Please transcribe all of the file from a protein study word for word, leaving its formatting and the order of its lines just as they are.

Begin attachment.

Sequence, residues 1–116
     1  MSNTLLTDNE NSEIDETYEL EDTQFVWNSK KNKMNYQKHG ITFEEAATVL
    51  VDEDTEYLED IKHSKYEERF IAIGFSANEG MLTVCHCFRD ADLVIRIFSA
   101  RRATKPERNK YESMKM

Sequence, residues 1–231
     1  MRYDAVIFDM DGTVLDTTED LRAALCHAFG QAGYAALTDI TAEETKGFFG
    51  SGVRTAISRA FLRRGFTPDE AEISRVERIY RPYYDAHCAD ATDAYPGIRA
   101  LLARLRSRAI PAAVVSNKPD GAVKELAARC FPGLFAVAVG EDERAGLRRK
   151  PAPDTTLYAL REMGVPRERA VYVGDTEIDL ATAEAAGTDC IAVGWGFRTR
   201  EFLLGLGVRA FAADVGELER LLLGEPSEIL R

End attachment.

Sequence, residues 1–116
     1  MSNTLLTDNE NSEIDETYEL EDTQFVWNSK KNKMNYQKHG ITFEEAATVL
    51  VDEDTEYLED IKHSKYEERF IAIGFSANEG MLTVCHCFRD ADLVIRIFSA
   101  RRATKPERNK YESMKM

Sequence, residues 1–231
     1  MRYDAVIFDM DGTVLDTTED LRAALCHAFG QAGYAALTDI TAEETKGFFG
    51  SGVRTAISRA FLRRGFTPDE AEISRVERIY RPYYDAHCAD ATDAYPGIRA
   101  LLARLRSRAI PAAVVSNKPD GAVKELAARC FPGLFAVAVG EDERAGLRRK
   151  PAPDTTLYAL REMGVPRERA VYVGDTEIDL ATAEAAGTDC IAVGWGFRTR
   201  EFLLGLGVRA FAADVGELER LLLGEPSEIL R